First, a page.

How the query works:
In this query, the
LATERAL JOIN functions like a “for each” loop, making the results of the sub-query before the
LATERAL JOIN available to each result of the sub-query which comes after it.
In this case, the query before the
LATERAL JOIN generates the intervals we want to compare ride activity over. We generate the intervals of 0,1,2 and 3 days, since we want to compare ride behaviour on any given day, to that of the previous 3 days:
In the query after the
LATERAL JOIN, we plot the number of rides in our time period of interest in 15 minute time buckets. Notice how we use our
interval value from the previous sub-query: by adding and subtracting the
interval in the
time_bucket function and in the
WHERE clause to filter the time-range for the rides selected, we’re able to get the correct values for current and timeshifted intervals:
For more on
LATERAL JOIN, see this useful tutorial from the folks at Heap and the official PostgreSQL docs.
Visual Pro-tip: Add a series override
In order to make it easier to distinguish between rides for any given day and rides from the previous 3 days, we can apply a series override in order modify the appearance of the timeshifted lines:
Using the parameters above, we apply a series override to the timeshifted series in order to give them a smaller line width than the real line, allowing us to distinguish between them more easily. We can then look of the non-timeshifted line under the Display settings -- in the image below line width is set to 5 and line are to 2:
Example 2: Building a 1 Week Timeshifts
Next, we want to answer: “How does the activity this week compare to last week?”
In this example, we create a graph to display the current number of rides, as well as a timeshifted line to graph the rides from the previous week.
Much of the query is the same as in Example 1; the only differences are (1) the interval definition changes from
week and (2) the series we generate only has two values, 0 and 1, since we only want to compare to the previous week (vs. the 3 day period in the prior example.)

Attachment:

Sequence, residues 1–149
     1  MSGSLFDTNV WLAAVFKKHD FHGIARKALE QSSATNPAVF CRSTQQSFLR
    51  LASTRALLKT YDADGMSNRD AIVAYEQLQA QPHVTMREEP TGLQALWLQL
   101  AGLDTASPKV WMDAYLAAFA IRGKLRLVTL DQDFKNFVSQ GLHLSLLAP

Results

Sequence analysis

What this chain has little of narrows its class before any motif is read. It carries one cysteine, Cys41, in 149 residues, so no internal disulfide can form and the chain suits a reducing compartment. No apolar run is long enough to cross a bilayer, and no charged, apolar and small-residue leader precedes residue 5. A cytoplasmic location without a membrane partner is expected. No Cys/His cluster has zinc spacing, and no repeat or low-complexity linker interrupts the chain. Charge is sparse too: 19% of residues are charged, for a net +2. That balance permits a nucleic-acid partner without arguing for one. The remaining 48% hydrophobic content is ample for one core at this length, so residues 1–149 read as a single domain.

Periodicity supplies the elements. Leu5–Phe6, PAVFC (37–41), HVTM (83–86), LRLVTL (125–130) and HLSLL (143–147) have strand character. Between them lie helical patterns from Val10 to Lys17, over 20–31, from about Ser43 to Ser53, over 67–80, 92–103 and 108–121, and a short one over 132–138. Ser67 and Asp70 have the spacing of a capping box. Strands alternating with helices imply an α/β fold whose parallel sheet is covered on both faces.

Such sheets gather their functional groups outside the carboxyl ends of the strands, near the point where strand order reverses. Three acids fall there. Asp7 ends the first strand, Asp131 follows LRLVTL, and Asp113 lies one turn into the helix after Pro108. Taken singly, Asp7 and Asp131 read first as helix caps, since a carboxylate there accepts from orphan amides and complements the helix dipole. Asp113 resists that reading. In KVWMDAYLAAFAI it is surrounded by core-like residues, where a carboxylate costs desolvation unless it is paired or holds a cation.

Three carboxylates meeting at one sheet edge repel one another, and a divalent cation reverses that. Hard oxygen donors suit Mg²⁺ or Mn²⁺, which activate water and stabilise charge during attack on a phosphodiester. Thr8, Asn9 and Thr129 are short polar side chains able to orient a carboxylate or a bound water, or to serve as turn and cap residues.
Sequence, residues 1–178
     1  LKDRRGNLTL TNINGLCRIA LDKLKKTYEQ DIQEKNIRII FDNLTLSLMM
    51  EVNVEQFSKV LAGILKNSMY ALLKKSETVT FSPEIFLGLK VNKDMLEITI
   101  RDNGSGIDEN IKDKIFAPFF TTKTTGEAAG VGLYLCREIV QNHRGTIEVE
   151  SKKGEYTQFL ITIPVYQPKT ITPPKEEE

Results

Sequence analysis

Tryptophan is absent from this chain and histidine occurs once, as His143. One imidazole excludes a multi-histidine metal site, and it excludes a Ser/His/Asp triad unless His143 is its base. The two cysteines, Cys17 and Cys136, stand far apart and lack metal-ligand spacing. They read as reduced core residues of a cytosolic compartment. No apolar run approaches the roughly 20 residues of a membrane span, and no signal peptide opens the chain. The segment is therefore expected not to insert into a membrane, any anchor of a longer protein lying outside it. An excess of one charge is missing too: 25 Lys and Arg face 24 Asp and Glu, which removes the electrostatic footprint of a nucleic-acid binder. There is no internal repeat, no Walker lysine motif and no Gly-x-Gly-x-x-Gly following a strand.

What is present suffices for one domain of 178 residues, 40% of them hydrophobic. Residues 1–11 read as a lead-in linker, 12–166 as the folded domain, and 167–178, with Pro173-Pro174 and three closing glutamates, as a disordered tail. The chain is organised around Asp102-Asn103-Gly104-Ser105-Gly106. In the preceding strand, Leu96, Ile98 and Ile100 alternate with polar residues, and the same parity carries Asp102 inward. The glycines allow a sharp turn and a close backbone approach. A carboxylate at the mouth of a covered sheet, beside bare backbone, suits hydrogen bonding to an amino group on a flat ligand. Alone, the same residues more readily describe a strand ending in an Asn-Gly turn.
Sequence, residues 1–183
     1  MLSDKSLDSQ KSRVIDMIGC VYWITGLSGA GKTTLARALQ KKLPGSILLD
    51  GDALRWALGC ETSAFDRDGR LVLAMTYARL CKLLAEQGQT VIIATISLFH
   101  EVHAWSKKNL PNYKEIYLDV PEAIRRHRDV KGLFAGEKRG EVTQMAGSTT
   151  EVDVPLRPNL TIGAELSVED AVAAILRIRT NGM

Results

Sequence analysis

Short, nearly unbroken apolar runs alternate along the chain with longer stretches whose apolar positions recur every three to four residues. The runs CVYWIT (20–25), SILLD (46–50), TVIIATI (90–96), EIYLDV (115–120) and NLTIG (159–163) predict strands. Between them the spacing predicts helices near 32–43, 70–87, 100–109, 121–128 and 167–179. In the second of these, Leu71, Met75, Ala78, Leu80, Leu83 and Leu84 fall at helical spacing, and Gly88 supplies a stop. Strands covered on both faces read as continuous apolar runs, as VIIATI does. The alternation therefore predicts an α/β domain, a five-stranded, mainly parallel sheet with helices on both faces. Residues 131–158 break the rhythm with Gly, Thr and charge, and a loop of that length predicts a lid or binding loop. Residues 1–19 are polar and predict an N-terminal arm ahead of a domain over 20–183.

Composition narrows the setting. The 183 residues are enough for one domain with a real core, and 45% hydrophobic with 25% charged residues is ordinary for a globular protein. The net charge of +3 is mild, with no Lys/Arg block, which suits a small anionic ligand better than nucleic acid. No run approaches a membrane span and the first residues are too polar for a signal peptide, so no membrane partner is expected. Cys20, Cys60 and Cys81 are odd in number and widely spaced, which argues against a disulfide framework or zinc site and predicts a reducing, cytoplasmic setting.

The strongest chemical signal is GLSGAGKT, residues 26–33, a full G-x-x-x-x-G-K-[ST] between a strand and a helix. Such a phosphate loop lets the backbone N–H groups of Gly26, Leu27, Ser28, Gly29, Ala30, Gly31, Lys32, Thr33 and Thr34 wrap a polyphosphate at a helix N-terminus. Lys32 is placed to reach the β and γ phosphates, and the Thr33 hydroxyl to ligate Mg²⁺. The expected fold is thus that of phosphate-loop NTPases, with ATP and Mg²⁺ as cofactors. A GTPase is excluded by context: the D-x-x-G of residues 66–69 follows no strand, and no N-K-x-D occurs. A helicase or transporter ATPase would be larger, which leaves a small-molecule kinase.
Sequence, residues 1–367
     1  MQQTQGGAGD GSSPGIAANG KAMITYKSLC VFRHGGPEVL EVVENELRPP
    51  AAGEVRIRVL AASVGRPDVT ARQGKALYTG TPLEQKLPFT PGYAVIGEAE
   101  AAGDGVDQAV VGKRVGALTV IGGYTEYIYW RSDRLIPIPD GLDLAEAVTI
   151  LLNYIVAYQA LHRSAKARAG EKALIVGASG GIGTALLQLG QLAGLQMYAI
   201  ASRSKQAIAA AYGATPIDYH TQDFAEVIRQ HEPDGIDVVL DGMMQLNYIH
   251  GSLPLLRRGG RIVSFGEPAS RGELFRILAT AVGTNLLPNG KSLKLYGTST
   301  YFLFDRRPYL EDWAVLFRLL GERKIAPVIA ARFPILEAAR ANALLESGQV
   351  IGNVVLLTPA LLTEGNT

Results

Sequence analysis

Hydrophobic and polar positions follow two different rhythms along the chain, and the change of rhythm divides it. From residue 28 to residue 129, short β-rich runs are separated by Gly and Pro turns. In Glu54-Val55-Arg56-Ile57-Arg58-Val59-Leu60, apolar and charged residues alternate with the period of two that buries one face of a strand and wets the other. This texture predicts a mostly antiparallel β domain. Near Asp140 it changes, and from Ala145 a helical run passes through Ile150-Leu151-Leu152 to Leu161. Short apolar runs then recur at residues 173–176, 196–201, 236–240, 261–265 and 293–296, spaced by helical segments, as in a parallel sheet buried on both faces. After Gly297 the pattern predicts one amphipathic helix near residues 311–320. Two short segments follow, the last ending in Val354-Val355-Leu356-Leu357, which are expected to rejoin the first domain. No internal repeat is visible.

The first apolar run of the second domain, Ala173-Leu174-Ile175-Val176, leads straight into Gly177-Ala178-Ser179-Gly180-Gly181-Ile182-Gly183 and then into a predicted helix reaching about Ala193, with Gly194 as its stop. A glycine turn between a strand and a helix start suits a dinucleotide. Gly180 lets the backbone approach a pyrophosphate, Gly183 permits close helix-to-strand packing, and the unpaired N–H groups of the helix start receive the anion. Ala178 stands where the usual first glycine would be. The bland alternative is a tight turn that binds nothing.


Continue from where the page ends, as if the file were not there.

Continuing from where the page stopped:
This produces the following graph:
Visual Pro-tip: Add a series override
To make it easier to distinguish between rides for any given day and rides from the previous week, we can apply a series override that modifies the appearance of the timeshifted lines:
To achieve this, we set the line area to 0 (under Display settings), and then apply a series override to the timeshifted series.
In the series override settings, we:
- Set the line fill to 2, giving us a shadow look
- Set the line width to 0, leaving the non-timeshifted graph as the only series with a solid line, making it more distinguishable.
In this tutorial, we covered what timeshifting is, how it works, and how to use PostgreSQL
LATERAL JOIN, TimescaleDB, and Grafana to visualize timeshifts to easily compare data across two (or more!) time periods.
⏰ To modify the query to timeshift any arbitrary number of minutes, hours, days, months, or years, change the parameters on
interval definition (while it’s most common to compare metrics NOW to previous periods, you can use time-shifting to compare ANY two time periods).
Want more Grafana tips? Explore our Grafana tutorials (I recommend this one on variables and this one on visualizing missing data).
Need a database to power your dashboarding and data analysis? Get started with Timescale Cloud (it’s our fast, easy-to-use, and reliable cloud-native data platform for time-series, built on PostgreSQL,). When you sign up, you’ll get 30 days of completely free use to get you and up and running.